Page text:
“The current gas and thermal coal prices increases are leading to unusually high prices and profits for some companies; prices and profits are well beyond the usual bounds of investment and profit cycles… Policy responses could take many forms but in the current circumstances of generalised price pressure, they need to be mindful of not contributing further to inflation. This would suggest to us [him and his lefty treasury mates?] that interventions that directly address the higher domestic coal and gas prices are more likely to be optimal.”
What does this bolshie (“profits are well beyond the usual bounds”) statement mean? I take it to mean that he is advocating price caps. Maybe taxes? This is quite extraordinary stuff. It is an intrusion into the political debate and a half-baked one at that. Half-baked because it is not completely clear what he does mean; or, if indeed he means price caps, what they would look like and how they would be implemented and policed.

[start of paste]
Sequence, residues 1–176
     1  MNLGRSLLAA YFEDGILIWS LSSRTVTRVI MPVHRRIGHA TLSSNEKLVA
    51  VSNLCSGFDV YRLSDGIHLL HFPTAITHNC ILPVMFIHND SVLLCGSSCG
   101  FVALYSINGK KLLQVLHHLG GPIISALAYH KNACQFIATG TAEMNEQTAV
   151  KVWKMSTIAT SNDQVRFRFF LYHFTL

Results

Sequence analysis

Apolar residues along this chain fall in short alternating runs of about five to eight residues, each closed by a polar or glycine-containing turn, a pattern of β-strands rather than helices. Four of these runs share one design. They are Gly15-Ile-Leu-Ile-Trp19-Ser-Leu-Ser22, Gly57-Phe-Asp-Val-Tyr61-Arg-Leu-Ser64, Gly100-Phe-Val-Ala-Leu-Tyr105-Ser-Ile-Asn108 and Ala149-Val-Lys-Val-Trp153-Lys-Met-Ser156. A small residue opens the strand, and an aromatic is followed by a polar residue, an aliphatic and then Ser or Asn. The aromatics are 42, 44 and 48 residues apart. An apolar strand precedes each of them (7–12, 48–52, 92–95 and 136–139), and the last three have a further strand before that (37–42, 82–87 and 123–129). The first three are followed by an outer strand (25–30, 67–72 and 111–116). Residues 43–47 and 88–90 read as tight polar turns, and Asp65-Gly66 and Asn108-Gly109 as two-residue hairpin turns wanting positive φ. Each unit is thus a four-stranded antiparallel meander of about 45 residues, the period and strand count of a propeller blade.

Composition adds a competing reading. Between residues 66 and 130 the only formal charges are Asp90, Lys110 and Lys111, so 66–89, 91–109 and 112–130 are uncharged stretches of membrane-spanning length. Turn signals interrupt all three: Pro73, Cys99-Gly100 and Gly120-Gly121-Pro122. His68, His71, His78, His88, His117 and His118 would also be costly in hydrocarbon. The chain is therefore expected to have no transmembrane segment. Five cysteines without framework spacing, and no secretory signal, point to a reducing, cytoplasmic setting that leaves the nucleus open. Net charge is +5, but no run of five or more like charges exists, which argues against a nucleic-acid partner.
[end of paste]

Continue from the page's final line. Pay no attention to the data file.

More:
In a saner, more disciplined world, Treasury might well come up with several well-defined options to deal with high energy prices, rigorously examine the potential consequences of each, and present the results for the government to decide. We no longer live in that world. We now live in a world where the head of Treasury goes around half-cocked hinting vaguely about what might be optimal policy. Optimal, now there’s a concept to conjure with. Optimal for whom?